I know what you're thinking. There is no draft. There hasn't been a draft in decades. They'd let entire Central American nations immigrate, pay recruits six-figure salaries, and let robots fly the drones before they'd create a draft. Crackpot Congress members only bring up a draft as a supposed bank-shot maneuver for ending all the damn wars. Yeah, yeah, whatever. Your government has nonetheless decided that registering men for a possible draft (whether they like it or not, and even though nobody believes there will ever be a draft) is far more important than allowing them to register to vote.
And not just the U.S. government, but most of the 50 state governments have chosen this priority.
Don't take it from me, look at the numbers. If you're male and you get a driver's license in any of these places, you're signed up automatically with, or you're given the option to sign up automatically with, or -- in most cases -- you're required to sign up with the Selective Service System: Alabama, Arizona, Arkansas, Colorado, Connecticut, Delaware, Florida, Georgia, Hawaii, Idaho, Illinois, Indiana, Iowa, Kansas, Kentucky, Louisiana, Maine, Michigan, Minnesota, Mississippi, Missouri, Montana, Nevada, New Hampshire, New Mexico, New York, North Carolina, Ohio, Oklahoma, Rhode Island, South Carolina, South Dakota, Tennessee, Texas, Utah, Virginia, Washington, West Virginia, Wisconsin, Guam, the Commonwealth of the Northern Mariana Islands, Puerto Rico, the Virgin Islands, and the District of Columbia.
Also Maryland enacted driver's license legislation in 2002, but has not yet implemented it.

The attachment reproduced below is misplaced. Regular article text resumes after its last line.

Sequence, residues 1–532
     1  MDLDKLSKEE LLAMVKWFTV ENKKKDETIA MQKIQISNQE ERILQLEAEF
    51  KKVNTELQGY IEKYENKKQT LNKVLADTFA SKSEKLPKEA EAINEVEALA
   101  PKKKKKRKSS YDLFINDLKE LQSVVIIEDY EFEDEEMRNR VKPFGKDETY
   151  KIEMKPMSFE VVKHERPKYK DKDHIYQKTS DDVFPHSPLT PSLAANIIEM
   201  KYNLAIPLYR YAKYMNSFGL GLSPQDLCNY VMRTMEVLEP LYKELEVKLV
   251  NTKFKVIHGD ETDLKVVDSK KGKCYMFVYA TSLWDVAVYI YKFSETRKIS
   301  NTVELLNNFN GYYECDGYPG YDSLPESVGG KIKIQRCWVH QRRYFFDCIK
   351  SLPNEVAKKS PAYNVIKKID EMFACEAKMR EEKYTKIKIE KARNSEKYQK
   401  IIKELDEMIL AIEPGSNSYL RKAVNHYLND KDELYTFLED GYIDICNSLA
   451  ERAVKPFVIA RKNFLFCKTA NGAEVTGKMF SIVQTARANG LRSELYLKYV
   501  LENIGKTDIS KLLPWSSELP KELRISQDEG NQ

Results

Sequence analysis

This is a work in progress. Some states have yet to climb on board. It's a bit of extra work for state and federal governments, but the technology is pretty simple, and they clearly consider it worth the effort to spread awareness that all men might have to kill on behalf of some war crazed president or Congress, and that -- as the SSS website says -- "It's What a Man's Got to Do. It's quick, it's easy, it's the Law."
Actually it's against any number of laws, including protections of conscientious objectors (you're not offered any choice of that when the process is automated), and including obviously the laws against war -- the Kellogg-Briand Pact and the U.N. Charter.
But what does this have to do with voting? Ruining Iraq or Libya or Afghanistan or Yemen in the name of "democracy" isn't exactly about voting in the United States, is it?
Well here's the deal. Two states -- two (2), count 'em, TWO -- have just made voter registration as easy as 39 states make draft registration. Those two states make it optional. If you don't want to register to vote when you get a driver's license, you can opt out. So, that's different. And it works for women as well as men. So, that's different, and simpler. And there's no need to interact with the federal government, so that, too, is different and easier. But otherwise it's the same deal. The state division of motor vehicles is identifying you for a driver's license or ID through a more rigorous process than is usually used to register voters. After doing that, it's hardly any extra work to simply consider you registered to vote as well.